Work the ‘SOCs’ off your Sitecore investment.

SITECOREferrari

Let me paint you a picture… you invest heavily in a luxury Supercar [insert your dream car here], it returns 0-60 in 2.5 seconds flat and to quote Viv (a la Pretty Woman… yes, I went there, ok), ‘it corners like it's on rails’. You have dreams of cruising down that ‘bucket list’ mountain pass to the riviera, fine-tuning the engine and tucking it away at night in a temperature-controlled garage. Life is gooooood. You’ve made the big time.

You wake up one day to a stark reality. Although you did successfully manage to buy the car itself, the little beauty is crammed into a small, leaking garage. You barely have space to open the door and the furthest you’ve driven it is to get milk from the co-op. Unsure of how to drive such a thorough-bred and adding insult to injury you accidentally scuffed the alloys on every high curb in sight (ooops). Your better half is pretty mad about it all, that money was supposed to pay for a flat-roofed extension (yawn). Life… is not so good.

OK, fine… we’ve all heard that analogy 100 times, but it still holds true. When did opportunity become so disposable? Simply buying the car is not enough.

During my time working with the Sitecore Experience Platform, I have worked very closely with many and varied brands, across different sectors, with different audiences and regional locations - all of whom demonstrate the same limiting factors. They have a Ferrari they use to pop to the shops in. It’s frustrating all round. Marketing teams are desperate to bleed the platform dry to evidence better ROI and meet demanding KPIs. IT teams drowning in change requests to complete theoretically simple ‘out of the box’ CMS tasks. Who is winning?

Enabling brands to succeed is a core objective of our business. In fact not just to succeed, but to be remarkable. As such, over time our strategic thinking and enablement work with clients has continued to evolve... and eventually, my baby (ummm… professional baby) was born... Just one short (or long) year ago we officially launched our Sitecore Optimisation Consultancy (SOC) pillar, aimed purely at working directly with Sitecore customers to better align their business objectives with the abilities of their Sitecore platform. From initial strategic concepts, through to building sites with marketing operations front of mind and even hands-on training.

Baking in business and marketing objectives at the start of a project drives better results and enables the users of the platform, the marketing teams, to pivot comms and customer experiences with ease and agility. In tandem we are upskilling teams by way of the Sagittarius Academy, to enable them to (nod to Kingsley our CTO) “get sh*t done”.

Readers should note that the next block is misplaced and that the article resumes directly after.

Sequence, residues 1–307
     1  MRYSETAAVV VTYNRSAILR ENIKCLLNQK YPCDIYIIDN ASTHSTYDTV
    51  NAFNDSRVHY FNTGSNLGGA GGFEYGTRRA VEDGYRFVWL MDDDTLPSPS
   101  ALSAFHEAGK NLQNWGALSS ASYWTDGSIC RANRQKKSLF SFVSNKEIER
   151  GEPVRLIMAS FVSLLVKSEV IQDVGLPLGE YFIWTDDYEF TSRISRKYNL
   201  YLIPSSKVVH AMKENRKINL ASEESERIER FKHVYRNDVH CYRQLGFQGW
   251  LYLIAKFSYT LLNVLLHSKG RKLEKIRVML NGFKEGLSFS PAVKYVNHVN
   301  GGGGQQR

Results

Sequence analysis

We’ve discussed in multiple blogs, webinars, videos and so on that 2020 has forced organisations to level up, adapt to change quickly, learn to pivot, invest now and so on. In a climate where brands are being forced to truly reconsider the shape of their teams, their tech stack and investments. Learning to leverage what’s at your fingertips, i.e. your digital experience platform (DXP) and its toolset is imperative as customer needs, demands and emotional states rapidly shift throughout the year that was. My advice? Get supercar driving lessons… yes, that’s a thing.

‘I thought it was out of the box’… how many times have I heard that? As a Consultant it’s our responsibility to deliver the bitter truth sometimes... ‘yes, but…’. Whilst functionality is out of the box, bespoke configuration and strategic direction are not. Why are enterprise-level DXPs so valuable? They allow organisations to drive return in line with unique business objectives. It's that simple. Who wouldn’t want to do that right?

Our Sitecore Optimisation Consultancy team works with brands on building and implementing strategies to achieve success. As an agency we build with marketing and personalisation in mind, it forms part of our scoping, our functional specs and our go-live flight checks as directed by SOC. Therefore, we mitigate against future obstacles thus allowing brands to do more with Sitecore. Our strategic consultancy enables marketing teams to adapt to change - mixing up the customer experience in line with evolving demands, segments and need-states. At the click of a button, our clients use adaptive on-site messaging and automated and personalised emails comms. In fact, we can then scale this success further forming part of an augmented team, where we are truly an extension of our client’s teams.

If 2020 has taught us anything in the digital space, customer experience is crucial, relevance and timeliness is expected. It’s, therefore, my opinion that ~10% of your platform investment should be focussed on leveraging that opportunity. It’s no different than the 10% running costs that come as part of the expectation when you buy a Super Yacht. Sitecore is a serious piece of kit.

Learn to drive your Ferrari. Get out onto the autobahn and press the pedal to the metal. All that joy from just 10% more spend. Otherwise, you run the risk that your initial 100% investment is at a standstill.

Build a solid strategy and invest in, without a strategy and methodology to deliver against it, you risk failure. Your progression will stagnate and your hefty investment into tech that delivers ‘out of the box’ personalisation will fail to deliver the returns your business needs. In all likelihood, you’ll then go through a lengthy process to replace it with a slightly less capable toolset and neglect that too. Now is the time, the time to take a step back, do the groundwork and get your platform set up to deliver.

If you’re not portioning out a percentage of your tech investment to ‘learn to drive’, or looking down the back of the sofa for the extras… you should be. Standing still is a very genuine threat in a world that is changing direction more times than an NBA player in the closing seconds of the league final.